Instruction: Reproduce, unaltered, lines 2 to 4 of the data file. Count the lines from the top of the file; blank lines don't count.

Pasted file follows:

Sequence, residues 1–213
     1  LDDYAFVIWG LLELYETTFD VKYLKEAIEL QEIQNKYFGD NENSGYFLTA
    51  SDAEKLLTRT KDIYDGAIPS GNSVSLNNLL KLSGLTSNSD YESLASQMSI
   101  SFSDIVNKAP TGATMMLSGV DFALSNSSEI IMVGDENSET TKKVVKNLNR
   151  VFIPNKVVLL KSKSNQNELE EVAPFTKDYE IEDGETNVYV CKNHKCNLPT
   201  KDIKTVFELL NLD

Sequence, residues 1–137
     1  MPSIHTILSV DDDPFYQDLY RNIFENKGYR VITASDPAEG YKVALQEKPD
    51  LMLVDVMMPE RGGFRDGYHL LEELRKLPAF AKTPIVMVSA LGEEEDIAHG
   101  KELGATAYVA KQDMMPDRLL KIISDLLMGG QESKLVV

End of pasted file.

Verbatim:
     1  LDDYAFVIWG LLELYETTFD VKYLKEAIEL QEIQNKYFGD NENSGYFLTA
    51  SDAEKLLTRT KDIYDGAIPS GNSVSLNNLL KLSGLTSNSD YESLASQMSI
   101  SFSDIVNKAP TGATMMLSGV DFALSNSSEI IMVGDENSET TKKVVKNLNR